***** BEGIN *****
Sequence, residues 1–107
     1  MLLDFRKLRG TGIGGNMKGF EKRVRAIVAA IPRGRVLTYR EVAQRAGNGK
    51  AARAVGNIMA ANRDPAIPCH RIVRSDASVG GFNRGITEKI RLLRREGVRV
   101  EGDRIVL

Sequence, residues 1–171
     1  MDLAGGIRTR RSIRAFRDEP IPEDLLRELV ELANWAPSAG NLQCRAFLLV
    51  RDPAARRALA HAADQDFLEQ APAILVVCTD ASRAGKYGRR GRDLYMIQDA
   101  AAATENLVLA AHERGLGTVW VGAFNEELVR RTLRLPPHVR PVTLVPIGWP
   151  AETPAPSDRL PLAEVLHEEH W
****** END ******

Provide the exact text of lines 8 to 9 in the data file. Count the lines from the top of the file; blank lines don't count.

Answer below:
   101  AAATENLVLA AHERGLGTVW VGAFNEELVR RTLRLPPHVR PVTLVPIGWP
   151  AETPAPSDRL PLAEVLHEEH W